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Ex-wife ordered to return money husband stole from nonprofit

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A woman whose ex-husband committed suicide after his scheme to steal money from his employer unraveled must pay back to the company money she received from her husband during and after their marriage, the Indiana Court of Appeals ruled Monday.

Connie Landers challenged the Tippecanoe Superior Court’s ruling in favor of Wabash Center Inc., a not-for-profit that assists children with developmental disabilities and provides assistance for adults related to living and employment, that she must pay more than $1 million to the agency because her ex-husband stole more than $4 million from his employer.

Stephen McAninch worked for Wabash managing the nonprofit’s finances from 1986 until his death in 2009, during and after his marriage to Landers. He set up a fake company to divert money to and was able to conceal his actions because of his job duties. It wasn’t until an outside auditor in 2009 sought to confirm that the fictitious company actually completed work that Wabash paid for that the scheme was discovered. McAninch killed himself in October 2009, and a forensic accountant discovered that Landers had received some of the stolen money.

She argued that Wabash’s lawsuit, filed in April 2011 for unjust enrichment and other wrongs, should be barred by the statute of limitations because the agency didn’t act with reasonable diligence to discover the theft within the six-year statute of limitations. But there’s sufficient evidence to support the trial court’s conclusion that Wabash acted with ordinary diligence, Senior Judge Randall T. Shepard wrote. McAninch kept false records and invoices, locked in a drawer in his office, and there was no reason to believe McAninch had created false minutes from board meetings. Previous outside audits didn’t raise any red flags.

There’s also evidence that Landers received stolen money. She estimated her ex-husband made around $150,000 a year, which included his “moonlighting” as she called it, which is above the salary McAninch earned. He also agreed in their divorce to pay her above the monthly amount required under the Indiana Child Support Guidelines, gave her $20,000 in the divorce, and paid for the home’s mortgage. Because he had also bought himself a boat, car and other items, he likely spent his own money on those items, meaning Landers received stolen money, the judges concluded in Connie S. Landers v. Wabash Center, Inc., 79A04-1204-CT-191.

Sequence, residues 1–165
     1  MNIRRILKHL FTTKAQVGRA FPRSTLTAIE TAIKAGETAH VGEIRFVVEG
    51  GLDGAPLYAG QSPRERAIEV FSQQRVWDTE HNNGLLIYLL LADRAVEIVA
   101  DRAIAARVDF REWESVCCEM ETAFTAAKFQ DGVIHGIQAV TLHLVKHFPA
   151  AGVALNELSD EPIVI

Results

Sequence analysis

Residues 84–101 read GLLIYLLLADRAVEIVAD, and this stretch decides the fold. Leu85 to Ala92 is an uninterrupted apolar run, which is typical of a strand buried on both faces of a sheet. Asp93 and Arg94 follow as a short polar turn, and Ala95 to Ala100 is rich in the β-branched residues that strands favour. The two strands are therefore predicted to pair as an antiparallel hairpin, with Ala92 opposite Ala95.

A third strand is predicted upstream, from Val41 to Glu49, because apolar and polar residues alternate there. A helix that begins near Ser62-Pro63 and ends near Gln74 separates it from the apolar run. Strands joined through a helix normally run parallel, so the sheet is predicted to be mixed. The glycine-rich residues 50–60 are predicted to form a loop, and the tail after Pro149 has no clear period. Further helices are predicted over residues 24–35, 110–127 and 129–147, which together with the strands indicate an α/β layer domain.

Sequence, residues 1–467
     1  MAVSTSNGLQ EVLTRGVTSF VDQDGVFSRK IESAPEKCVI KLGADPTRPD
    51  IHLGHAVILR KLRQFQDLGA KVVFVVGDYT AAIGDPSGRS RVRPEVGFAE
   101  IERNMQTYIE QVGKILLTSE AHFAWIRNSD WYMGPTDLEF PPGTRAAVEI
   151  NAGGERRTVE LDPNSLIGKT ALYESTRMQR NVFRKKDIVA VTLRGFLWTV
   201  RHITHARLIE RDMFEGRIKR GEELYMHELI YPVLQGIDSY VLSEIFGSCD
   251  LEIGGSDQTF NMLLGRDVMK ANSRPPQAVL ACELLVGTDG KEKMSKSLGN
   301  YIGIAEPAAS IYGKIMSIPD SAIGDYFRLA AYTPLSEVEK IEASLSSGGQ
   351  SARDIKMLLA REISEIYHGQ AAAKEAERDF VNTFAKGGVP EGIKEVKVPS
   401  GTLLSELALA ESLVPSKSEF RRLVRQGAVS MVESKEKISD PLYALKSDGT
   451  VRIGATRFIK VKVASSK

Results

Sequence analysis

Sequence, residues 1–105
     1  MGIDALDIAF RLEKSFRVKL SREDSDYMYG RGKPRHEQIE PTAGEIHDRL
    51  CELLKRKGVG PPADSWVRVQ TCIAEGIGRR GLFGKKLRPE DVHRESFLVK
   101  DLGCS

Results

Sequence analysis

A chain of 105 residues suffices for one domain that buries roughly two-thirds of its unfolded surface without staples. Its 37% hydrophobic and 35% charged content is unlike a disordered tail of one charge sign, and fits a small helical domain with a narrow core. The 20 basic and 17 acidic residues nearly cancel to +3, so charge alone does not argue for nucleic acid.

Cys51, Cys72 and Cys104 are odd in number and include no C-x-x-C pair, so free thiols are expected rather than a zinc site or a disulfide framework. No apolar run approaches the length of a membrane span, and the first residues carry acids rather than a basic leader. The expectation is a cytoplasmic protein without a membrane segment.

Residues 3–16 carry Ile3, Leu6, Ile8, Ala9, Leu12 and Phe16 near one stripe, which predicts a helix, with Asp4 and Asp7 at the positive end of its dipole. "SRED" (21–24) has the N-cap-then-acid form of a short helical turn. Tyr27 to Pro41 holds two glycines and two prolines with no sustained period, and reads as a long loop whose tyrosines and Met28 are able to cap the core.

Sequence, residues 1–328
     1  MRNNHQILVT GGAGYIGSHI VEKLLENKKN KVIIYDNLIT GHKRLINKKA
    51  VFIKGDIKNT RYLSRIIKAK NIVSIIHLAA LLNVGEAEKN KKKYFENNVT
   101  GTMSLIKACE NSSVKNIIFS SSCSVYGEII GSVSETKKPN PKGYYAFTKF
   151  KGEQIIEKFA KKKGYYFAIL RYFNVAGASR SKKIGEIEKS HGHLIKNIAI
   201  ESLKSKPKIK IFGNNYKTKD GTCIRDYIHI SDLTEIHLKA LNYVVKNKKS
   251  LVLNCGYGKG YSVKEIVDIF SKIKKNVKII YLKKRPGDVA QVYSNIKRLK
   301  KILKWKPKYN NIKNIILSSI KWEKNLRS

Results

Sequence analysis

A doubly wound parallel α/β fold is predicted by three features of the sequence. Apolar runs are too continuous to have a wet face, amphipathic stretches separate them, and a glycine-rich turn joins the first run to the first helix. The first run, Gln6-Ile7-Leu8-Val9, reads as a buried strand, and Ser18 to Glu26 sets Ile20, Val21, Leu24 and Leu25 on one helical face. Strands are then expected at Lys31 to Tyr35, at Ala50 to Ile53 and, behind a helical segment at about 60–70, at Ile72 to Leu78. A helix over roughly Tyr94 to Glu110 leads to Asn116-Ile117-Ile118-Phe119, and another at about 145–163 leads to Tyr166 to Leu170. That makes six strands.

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  2. Hail to our Constitutional Law Expert in the Executive Office! “What you’re not paying attention to is the fact that I just took an action to change the law,” Obama said.

  3. What is this, the Ind Supreme Court thinking that there is a separation of powers and limited enumerated powers as delegated by a dusty old document? Such eighteen century thinking, so rare and unwanted by the elites in this modern age. Dictate to us, dictate over us, the massess are chanting! George Soros agrees. Time to change with times Ind Supreme Court, says all President Snows. Rule by executive decree is the new black.

  4. I made the same argument before a commission of the Indiana Supreme Court and then to the fedeal district and federal appellate courts. Fell flat. So very glad to read that some judges still beleive that evidentiary foundations matter.

  5. KUDOS to the Indiana Supreme Court for realizing that some bureacracies need to go to the stake. Recall what RWR said: "No government ever voluntarily reduces itself in size. Government programs, once launched, never disappear. Actually, a government bureau is the nearest thing to eternal life we'll ever see on this earth!" NOW ... what next to this rare and inspiring chopping block? Well, the Commission on Gender and Race (but not religion!?!) is way overdue. And some other Board's could be cut with a positive for State and the reputation of the Indiana judiciary.

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